About respite

Every care situation is different. What works for one family may not work for another. There are many different types of respite support available.

Types of respite

Some common types of respite are listed below. Contact your local Commonwealth Respite and Carelink Centre to talk about the options available in your area:

  • In home: a support worker looks after the person you care for in your home
  • Facility or residential based: the person you care for stays for a short period in a care facility like an aged care home or supported accommodation
  • Community based: the person you care for joins a day program at an adult day centre, neighbourhood house or community health centre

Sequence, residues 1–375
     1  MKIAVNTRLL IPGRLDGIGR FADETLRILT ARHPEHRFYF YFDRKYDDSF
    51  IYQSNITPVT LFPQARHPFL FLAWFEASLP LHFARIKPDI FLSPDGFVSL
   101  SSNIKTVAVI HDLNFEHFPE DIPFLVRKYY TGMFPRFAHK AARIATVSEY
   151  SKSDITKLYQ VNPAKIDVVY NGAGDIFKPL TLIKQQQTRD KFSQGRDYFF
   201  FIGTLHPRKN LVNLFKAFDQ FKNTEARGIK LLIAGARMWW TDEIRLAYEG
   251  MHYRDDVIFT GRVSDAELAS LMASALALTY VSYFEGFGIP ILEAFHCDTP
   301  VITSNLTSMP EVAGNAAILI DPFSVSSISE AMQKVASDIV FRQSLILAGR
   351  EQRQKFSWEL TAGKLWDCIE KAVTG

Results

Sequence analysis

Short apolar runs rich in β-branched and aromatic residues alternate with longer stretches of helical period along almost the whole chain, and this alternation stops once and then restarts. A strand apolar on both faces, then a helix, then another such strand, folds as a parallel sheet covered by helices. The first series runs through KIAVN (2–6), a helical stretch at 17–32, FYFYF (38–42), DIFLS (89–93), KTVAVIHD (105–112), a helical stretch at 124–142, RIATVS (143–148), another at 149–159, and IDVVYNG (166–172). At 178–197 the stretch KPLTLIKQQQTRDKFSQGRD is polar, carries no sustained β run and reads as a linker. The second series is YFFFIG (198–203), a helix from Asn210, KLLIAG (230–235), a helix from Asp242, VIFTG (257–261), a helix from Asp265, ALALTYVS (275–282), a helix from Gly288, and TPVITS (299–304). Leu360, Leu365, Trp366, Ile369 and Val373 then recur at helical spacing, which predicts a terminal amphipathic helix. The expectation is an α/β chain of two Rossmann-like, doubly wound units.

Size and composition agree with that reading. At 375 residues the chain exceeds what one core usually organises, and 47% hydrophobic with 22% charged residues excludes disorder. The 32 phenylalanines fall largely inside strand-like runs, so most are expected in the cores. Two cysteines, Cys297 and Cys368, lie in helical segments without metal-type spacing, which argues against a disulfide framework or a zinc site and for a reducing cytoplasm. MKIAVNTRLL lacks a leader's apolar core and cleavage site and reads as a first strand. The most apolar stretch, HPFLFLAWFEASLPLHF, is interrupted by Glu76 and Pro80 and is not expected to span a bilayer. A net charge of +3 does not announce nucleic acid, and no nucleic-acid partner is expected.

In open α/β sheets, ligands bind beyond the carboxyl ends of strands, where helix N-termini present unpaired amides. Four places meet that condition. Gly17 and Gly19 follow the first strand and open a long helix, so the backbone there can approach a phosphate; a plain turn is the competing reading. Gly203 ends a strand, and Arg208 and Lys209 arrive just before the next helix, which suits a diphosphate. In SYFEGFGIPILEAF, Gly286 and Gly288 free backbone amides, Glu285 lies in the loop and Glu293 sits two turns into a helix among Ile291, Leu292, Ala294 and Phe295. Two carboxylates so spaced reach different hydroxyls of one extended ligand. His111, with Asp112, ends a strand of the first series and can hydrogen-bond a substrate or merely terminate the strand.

• Alternative family care: your family and friends may be able to help with your caring responsibilities while you take a break. Some organisations can also arrange for a trained volunteer carer or family to provide regular care, activities and friendship for the person you care for
  • Recreation based: you and the care recipient can join organised recreation, social or leisure activities either together or separately
  • Emergency respite: is sometimes available if you need to deal with sudden illness, accidents, family troubles or emergencies

Organising and paying for respite

Not all respite opportunities will be available in your area and most will involve a cost.

Your local Commonwealth Respite and Carelink Centre can help you choose from the options available to you and plan flexible respite that best meets your needs, and the needs of the person you care for.

They may also be able to help you to organise bookings and find out if financial assistance is available to help you cover any costs.



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Carers NSW acknowledges the Traditional Custodians of the land, Elders past and present and all Aboriginal people.